Published: 2 July 2006
By Stas Bekman.
In theory, if your site contains good quality content, you shouldn't spend any time trying to comply with search engine requirements. After all, why should you waste time on something totally irrelevant to what you do. Ideally, you should spend all your time writing great material and thus contribute more to the global community. However the reality is very different from the theory. Mainly due to the search engine system abuse, you now have to play by the search engine rules, if you want your site to show up in the top results of the searches. Certainly, you don't need to rely on search engines to bring traffic to your site, but for many this is a major source of traffic.
In this article I've included a list of techniques that should help improving your site's ranking. Some of the suggestions in this article apply only to the Google search engine optimisation. As of this writing the majority of the search engine-originated traffic is coming from Google. However by optimising yours for Google you will most likely have it done right for other engines as well.
This article covers 12 things to do to improve your site's page ranking. I've also written an article that explans what are the 12 Things NOT to Do to Improve Your Site's Google Page Rank.
Content is the king. Search engines love fresh and quality content, since that's what the users want - more new things to read every day and every hour. When your site changes often - search engine crawlers come back more often as well. Of course by generating new content you raise the chance that more of your pages will be found.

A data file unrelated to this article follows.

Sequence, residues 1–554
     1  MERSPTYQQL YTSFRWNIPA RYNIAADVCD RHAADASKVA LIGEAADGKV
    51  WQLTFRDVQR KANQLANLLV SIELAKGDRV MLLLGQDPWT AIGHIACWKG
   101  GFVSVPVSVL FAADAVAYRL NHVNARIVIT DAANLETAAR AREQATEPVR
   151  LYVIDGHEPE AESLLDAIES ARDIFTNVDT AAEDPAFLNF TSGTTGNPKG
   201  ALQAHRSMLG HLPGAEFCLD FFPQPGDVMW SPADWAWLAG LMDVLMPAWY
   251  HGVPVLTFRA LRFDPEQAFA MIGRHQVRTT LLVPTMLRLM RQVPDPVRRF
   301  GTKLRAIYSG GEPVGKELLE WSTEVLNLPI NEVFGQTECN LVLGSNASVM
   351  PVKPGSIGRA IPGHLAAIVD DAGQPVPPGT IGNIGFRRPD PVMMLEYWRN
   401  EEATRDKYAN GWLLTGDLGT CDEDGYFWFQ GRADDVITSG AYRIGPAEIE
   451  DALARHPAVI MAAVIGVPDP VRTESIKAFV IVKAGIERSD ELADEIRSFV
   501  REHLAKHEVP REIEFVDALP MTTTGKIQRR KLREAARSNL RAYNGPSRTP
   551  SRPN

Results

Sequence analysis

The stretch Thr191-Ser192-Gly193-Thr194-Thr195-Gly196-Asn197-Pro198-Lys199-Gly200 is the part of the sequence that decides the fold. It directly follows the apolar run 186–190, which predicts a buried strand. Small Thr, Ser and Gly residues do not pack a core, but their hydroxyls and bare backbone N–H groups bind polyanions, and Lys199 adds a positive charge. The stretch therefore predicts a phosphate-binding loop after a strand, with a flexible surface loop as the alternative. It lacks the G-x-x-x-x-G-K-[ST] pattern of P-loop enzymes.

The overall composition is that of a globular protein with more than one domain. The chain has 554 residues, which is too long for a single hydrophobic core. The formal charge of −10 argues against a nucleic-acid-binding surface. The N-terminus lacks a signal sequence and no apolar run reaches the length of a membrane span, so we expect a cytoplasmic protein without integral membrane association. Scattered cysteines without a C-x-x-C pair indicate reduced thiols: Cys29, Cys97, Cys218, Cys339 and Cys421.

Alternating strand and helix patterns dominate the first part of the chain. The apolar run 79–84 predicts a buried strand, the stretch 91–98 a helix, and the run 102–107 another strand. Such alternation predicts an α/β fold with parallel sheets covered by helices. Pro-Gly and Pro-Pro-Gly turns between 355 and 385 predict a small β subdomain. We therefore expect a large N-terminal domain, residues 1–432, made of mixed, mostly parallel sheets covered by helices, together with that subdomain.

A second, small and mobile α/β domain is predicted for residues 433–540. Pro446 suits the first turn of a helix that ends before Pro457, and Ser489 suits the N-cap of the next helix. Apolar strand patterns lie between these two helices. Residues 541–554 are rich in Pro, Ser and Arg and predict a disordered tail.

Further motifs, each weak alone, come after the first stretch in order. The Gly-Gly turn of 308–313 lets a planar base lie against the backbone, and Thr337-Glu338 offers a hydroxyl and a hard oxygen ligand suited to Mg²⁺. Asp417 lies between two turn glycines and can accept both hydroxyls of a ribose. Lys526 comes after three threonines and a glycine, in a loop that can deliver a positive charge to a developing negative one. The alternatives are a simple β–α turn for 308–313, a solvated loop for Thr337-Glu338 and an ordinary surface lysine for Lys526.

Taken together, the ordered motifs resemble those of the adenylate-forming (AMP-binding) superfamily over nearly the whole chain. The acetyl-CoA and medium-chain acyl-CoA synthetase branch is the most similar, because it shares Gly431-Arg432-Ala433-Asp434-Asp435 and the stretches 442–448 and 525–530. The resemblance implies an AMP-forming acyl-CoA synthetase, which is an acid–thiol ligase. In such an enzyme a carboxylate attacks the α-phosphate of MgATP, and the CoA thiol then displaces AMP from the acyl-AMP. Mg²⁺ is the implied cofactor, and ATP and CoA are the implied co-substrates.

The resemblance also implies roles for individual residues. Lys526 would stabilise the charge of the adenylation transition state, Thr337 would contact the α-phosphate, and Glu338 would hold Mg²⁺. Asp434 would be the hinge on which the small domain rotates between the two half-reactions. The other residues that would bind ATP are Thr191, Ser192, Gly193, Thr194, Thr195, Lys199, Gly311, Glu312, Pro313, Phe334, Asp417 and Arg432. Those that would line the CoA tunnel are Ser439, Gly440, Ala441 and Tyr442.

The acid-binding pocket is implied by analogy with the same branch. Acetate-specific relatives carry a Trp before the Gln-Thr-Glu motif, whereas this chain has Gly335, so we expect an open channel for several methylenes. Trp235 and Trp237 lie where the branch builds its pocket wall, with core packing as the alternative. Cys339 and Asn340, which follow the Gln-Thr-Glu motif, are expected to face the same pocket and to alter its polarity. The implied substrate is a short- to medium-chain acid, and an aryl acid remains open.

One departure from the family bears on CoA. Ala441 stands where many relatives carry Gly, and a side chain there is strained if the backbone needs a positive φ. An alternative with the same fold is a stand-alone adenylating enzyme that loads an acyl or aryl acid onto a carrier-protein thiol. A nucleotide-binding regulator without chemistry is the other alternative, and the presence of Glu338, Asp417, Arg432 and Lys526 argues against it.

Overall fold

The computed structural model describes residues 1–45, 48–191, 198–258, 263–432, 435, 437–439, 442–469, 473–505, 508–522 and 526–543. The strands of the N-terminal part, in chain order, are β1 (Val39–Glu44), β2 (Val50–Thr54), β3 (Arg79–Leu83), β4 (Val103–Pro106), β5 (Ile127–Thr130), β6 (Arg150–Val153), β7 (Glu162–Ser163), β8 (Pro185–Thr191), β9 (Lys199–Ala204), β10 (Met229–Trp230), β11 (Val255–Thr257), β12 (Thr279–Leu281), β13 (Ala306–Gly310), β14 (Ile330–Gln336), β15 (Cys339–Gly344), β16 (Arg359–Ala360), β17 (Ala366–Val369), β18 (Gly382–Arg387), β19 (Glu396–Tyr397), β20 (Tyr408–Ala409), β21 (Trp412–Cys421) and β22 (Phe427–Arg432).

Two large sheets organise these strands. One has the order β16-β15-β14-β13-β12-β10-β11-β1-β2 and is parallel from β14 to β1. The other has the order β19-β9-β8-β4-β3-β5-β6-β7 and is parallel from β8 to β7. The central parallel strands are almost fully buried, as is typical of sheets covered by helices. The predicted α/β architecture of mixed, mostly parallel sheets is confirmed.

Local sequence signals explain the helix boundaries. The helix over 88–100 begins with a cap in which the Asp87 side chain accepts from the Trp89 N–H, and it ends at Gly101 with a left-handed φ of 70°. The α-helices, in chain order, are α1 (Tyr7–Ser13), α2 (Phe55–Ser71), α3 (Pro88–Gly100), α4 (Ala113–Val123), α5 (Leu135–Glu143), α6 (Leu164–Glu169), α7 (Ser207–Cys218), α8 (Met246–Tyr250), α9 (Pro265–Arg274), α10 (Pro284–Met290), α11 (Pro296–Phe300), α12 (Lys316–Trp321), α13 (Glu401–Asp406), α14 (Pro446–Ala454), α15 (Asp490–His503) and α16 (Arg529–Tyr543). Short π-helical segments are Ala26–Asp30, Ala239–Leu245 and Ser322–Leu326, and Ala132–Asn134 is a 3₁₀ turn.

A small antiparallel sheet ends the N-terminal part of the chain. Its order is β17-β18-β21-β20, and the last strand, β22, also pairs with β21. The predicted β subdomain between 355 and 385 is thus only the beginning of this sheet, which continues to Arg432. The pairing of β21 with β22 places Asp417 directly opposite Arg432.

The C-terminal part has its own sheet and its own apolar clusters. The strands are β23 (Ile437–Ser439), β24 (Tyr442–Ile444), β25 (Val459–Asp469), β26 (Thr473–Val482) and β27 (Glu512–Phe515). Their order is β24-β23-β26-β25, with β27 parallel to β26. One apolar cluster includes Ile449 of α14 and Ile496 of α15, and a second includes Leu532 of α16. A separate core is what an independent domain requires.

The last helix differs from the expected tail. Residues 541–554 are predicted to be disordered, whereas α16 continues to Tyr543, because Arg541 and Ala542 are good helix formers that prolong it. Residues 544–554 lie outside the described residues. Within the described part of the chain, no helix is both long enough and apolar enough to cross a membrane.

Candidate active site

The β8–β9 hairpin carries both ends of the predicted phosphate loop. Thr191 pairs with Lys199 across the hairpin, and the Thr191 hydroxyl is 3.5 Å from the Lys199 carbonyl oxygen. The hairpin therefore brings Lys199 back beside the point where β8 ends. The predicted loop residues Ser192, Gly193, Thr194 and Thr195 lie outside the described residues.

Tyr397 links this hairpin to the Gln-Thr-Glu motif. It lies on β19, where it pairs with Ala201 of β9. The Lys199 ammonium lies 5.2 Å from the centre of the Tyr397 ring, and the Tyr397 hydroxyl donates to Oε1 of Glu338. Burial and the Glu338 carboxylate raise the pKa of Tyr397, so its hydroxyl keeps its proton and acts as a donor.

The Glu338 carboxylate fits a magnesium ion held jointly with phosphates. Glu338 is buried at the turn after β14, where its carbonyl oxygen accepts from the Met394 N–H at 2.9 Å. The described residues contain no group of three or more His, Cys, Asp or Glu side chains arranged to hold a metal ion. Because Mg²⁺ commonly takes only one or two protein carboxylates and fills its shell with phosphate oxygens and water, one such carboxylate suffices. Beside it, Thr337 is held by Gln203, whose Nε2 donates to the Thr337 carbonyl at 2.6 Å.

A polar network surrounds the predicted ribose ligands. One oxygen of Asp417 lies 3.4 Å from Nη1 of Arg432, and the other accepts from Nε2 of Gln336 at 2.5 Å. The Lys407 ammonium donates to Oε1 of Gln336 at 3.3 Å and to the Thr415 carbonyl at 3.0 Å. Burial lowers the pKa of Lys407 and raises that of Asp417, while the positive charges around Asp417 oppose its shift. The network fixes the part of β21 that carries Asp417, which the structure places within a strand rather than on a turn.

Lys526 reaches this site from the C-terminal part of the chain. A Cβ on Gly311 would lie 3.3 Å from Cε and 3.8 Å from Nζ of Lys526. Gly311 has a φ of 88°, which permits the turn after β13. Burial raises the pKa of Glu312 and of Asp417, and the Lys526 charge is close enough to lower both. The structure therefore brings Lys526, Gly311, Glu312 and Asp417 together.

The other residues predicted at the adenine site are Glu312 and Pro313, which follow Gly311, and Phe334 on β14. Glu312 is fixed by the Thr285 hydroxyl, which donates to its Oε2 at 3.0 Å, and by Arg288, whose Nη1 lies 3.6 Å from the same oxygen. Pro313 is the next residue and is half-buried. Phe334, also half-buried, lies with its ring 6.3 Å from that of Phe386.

Once you have the content generated, here is what you can do to have your site found more often by new visitors:
rel="nofollow", which tells Google (MSN, Yahoo and other sites) to not count those links to your site's ranking credit. This is to avoid comment spam. You can find the details here: Official Google Blog: Preventing comment spam.
description. Though it's been said that the keywords meta entry has little or no weight with Google, but is still useful with other search engines. Also make sure that the title of the document includes the most important keywords and phrases, as Google gives a heavy weight to those. The keywords need to be included in the H1 and H2 header entries, and also once in bold, once in italic and if possible in the URL.
link:yoursite.comand you may want to try to get your site listed on those sites.
Make sure to also read the article that explans what are the 12 Things NOT to Do to Improve Your Site's Google Page Rank.
Leger's AdSense and Yahoo Publisher Tracker
Fox's Dominating Adsense Review
to resurrect your AdSense account
Cheney's AdSense Videos Review
A very interested article by Michael Hampton explaining why a new link attribute
rel="nofollow" isn't helping comment spam at all, but
hurts legitimate sites.
with a link spammer (http://www.theregister.co.uk/2005/01/31/link_spamer_interview/)
Sam is spamming websites and blogs with text to pump up the search engine rankings of sites pushing PPC.
A document defining the
rel="nofollow" link attribute
Many resources on search engine optimisation, in particular for Google.
Following these guidelines will help Google find, index, and rank your site.
to 15k a Day (http://www.googlelady.com/156/26-steps-to-15k-a-day/)
The article explains how to build a successful site in 1 years time via Google alone. It can be done faster if you are a real go getter, or everyone's favorite: a self starter. The article is now quite dated but many ideas mentioned in it are still quite relevant
Good Advice on keyword search engine optimisation
to Juice Up a Site's Rank (http://www.washingtonpost.com/wp-dyn/content/article/2006/04/26/AR2006042602441.html)
If your Web site isn't getting the attention it deserves on the Internet, it may be running low on Google juice.